As a result, Dr. Kwame Nkrumah joined five founding members of the UGCC to form the Big Six of Gold Coast. The Big Six were the executive members of the first leading political party under the British colony.
The famous Big Six were, Ebenezer Ako-Adjei, Edward Akuffo-Addo, Dr. Joseph Boakye Danquah, Emmanuel Obetsebi-Lamptey, Dr. Kwame Nkrumah, and William Ofori Atta.
Dr. Nkrumah broke away from the UGCC in 1949 to form the Convention People’s Party (CPP). In 1956, the CPP won the elections leading to independence which saw Kwame Nkrumah into office as the first Prime Minister and later President of Ghana.
The achievements of Dr. Kwame Nkrumah distinguished him among his contemporaries. His ideology for pan-Africanism, Africa liberation, and self-governance earned him an enviable reputation on the globe.
As an international icon of freedom in Africa, Kwame Nkrumah was the first black leader to succeed in championing the cause for independence from the British colony in 1957.
Following his stupendous legacy, Nkrumah was adjudged Africa’s greatest “Man of the Millennium” in the year 2000. His social policies and style of leadership were impeccable.
Ideally, the significance of Founder’s Day is to acknowledge our founders, including the Big Six for their stewardship as statesmen and founding-fathers of early Ghana.
It is, however, important to celebrate the effort and sacrifice of our founding leaders because “A nation that does not honour its heroes is not worth dying for”.
Unsurprisingly, during the African Union (AU) 13th Ordinary Summit in Libya, the heads of State unanimously agreed to celebrate Nkrumah’s centenary birthday. The event has been added to the AU’s calendar of Special Events.
Today, Kwame Nkrumah who was once vilified by his own people following the 1966 coup de’tat is now celebrated for his exemplary leadership in Africa.
He is fondly remembered for the improved roads, schools, hospitals, factories, the Akosombo Dam, the Tema Harbour and the economic stability, just to mention a few.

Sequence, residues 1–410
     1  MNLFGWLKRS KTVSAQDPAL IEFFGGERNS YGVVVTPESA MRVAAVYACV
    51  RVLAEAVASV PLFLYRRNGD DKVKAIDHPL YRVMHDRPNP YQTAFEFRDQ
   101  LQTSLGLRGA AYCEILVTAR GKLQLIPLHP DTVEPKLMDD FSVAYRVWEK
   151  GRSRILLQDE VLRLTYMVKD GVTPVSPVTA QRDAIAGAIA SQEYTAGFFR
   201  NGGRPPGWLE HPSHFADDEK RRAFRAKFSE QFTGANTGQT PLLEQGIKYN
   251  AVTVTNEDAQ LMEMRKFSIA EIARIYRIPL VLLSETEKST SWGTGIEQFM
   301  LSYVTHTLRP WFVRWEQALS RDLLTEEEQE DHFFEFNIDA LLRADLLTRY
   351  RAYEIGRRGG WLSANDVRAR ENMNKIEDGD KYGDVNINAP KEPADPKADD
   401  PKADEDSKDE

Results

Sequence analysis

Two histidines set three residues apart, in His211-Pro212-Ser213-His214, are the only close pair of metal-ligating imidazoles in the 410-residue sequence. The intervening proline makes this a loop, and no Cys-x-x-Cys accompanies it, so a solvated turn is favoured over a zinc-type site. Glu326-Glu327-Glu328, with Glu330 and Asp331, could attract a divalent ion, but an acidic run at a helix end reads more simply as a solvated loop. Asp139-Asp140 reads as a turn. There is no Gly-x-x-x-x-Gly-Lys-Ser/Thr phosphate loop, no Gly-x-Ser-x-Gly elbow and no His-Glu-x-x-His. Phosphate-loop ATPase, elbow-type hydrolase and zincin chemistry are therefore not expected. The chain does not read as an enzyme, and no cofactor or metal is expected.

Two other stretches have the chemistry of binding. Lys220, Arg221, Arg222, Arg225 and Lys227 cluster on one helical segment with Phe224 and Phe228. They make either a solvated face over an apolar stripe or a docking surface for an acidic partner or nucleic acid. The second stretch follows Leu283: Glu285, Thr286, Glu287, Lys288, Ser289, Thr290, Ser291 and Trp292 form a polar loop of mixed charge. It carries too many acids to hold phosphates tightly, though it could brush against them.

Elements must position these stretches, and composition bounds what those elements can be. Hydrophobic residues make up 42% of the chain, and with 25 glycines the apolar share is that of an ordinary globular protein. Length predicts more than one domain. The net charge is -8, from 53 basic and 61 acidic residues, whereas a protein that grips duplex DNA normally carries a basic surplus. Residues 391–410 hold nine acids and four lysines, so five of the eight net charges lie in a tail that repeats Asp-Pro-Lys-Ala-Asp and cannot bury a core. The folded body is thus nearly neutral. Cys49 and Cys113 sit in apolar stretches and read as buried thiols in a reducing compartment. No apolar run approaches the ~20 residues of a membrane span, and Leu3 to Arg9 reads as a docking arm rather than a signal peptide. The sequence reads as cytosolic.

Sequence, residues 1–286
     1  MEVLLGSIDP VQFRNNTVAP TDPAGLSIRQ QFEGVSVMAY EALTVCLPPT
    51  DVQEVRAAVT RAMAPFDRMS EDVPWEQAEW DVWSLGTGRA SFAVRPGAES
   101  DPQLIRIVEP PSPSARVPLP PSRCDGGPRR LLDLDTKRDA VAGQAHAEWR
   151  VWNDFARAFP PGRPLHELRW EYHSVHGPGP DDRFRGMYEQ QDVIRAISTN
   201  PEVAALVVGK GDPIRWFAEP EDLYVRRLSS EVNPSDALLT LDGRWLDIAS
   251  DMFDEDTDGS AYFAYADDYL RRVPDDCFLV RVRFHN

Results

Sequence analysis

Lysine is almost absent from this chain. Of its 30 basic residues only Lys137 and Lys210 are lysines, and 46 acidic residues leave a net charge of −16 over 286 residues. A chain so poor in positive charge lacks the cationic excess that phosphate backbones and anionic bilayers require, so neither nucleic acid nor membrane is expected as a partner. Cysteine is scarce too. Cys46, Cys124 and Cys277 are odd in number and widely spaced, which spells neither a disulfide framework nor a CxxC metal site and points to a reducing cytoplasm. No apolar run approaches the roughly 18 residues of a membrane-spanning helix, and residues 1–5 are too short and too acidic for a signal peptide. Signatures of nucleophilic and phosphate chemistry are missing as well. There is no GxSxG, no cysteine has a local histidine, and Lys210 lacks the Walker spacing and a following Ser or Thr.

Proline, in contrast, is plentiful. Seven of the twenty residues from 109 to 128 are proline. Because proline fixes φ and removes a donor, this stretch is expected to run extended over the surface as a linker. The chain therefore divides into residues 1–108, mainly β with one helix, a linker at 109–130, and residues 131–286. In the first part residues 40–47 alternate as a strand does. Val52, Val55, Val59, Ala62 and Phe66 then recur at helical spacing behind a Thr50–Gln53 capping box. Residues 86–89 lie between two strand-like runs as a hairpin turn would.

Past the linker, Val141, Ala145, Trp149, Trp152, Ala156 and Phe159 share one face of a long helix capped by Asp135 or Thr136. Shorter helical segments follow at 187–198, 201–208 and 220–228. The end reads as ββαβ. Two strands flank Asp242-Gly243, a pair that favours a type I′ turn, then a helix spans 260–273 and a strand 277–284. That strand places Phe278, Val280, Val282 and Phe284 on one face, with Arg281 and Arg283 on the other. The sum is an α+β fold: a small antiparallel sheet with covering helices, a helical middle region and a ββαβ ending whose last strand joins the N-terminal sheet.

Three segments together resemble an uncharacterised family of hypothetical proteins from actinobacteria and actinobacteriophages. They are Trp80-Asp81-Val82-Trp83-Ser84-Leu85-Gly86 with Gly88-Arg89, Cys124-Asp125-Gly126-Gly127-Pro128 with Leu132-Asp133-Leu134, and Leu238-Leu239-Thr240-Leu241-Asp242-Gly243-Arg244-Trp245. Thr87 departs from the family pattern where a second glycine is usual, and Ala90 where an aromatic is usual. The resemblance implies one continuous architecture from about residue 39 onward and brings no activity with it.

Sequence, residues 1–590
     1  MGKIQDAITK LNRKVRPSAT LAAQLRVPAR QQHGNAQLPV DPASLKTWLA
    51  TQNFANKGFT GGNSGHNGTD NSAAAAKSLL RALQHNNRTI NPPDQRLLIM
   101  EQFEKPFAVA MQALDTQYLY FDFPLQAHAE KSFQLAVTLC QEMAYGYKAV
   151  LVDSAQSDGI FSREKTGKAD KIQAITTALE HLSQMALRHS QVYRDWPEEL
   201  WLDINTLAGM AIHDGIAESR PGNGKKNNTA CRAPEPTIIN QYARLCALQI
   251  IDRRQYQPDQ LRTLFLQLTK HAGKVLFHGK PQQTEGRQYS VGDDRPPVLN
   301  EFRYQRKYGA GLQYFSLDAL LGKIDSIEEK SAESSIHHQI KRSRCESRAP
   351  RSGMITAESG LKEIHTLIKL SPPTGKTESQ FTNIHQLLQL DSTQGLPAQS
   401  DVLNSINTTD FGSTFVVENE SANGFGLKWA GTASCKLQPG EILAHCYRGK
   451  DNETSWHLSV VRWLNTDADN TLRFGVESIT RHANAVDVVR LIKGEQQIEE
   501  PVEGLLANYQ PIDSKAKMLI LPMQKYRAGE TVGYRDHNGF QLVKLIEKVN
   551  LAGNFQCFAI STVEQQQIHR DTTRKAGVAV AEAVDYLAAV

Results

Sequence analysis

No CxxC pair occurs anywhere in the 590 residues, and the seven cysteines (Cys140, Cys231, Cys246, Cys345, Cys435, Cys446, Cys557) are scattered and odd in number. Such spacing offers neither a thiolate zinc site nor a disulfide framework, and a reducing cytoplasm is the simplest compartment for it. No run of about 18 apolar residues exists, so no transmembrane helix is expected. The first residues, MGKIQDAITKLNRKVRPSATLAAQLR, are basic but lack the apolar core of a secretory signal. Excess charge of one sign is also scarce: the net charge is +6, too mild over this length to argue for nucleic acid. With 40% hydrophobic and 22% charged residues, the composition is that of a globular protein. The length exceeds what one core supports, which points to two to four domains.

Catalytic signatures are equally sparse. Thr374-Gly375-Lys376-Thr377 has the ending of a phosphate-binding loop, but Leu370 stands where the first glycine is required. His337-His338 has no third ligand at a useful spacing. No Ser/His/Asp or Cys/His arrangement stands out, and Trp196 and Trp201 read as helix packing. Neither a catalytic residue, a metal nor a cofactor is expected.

Following the overthrow of his government on February 24, 1966, Dr. Nkrumah left for Conakry. He was appointed Co-President of Guinea until his death on 27th April, 1972. He died at the age of 63.
Dr. Kwame Nkrumah demonstrated patriotism and eschewed parochialism as a visionary leader; hence, the need to honour him on the occasion of his birthday.
As we celebrate the 106th birthday of Osagyefo, it important for every citizen of this country to exhibit a sense of patriotism and unity in all spheres of life.
Let’s draw inspiration from the achievements, ideology, and vision of Kwame Nkrumah for the purpose of nation building.
Local governance expert, Dr. Eric Oduro Osae has said Africa particularly Ghana has copied blindly when it comes to democracy.
The lecturer believes Ghana have perfect checks and balances when it comes to our governance system but we do no make good use of them.
The traditional system he noted make good use of their checks and balances and in some cases distools chiefs over breaches of their oath of office.
But that is not the case with our executive form of governance in Ghana.
"Our traditional leaders have advisors and elders who advises them and when they fail to heed to their counsel, they distool them. So the traditional system is a good one because there are checks and balances. But the political system being implemented have checks and balances, but it is not working. "
He is therefore calling on Africa to adopt the traditional form of democracy so we get a stable leadership.
He also touched on the influence people have on people (illiterates) when it comes to voting in Africa and particularly Ghana where the educated few influence people to vote and elect leaders for us and not necessarily on purpose.
"That is not helping us and the only way out is for us to evolve the African type of democracy," he concluded.
He was speaking at event organised on democracy in Accra yesterday (Thursday).
Auditor-General, Daniel Domelevo has said he is ready to lose his job over his resolve to expose corrupt people and speak the truth.
According to him, he is not worried about those who are against his method and their plans to get him sacked.
He was speaking at the 3rd Kwadwo Baah-Wiredu Memorial Lecture, held in Accra on Thursday.
Speaking at the public lecture on the theme “Protecting the Public Purse – keeping the gate shut before the horse bolts”, Mr. Domevelo said he is not surprised people are fighting him for doing the right thing.
He added:“In the developed countries when you’re caught you’re finished; there are consequences. In Ghana or Africa when you’re caught you can even bluff them; they say ‘and so what’ because he knows nothing will happen”.
“We all know the truth, who will say it but like I said, as for me I will say it if that means to go home. I’m ready to go home this evening. That’s the problem Ghanaians have, they think their life and the job are the same so going home becomes so difficult for them. If I should say the truth and because of that I should go home, my dear brothers and sisters I’m ready to go home even this evening”.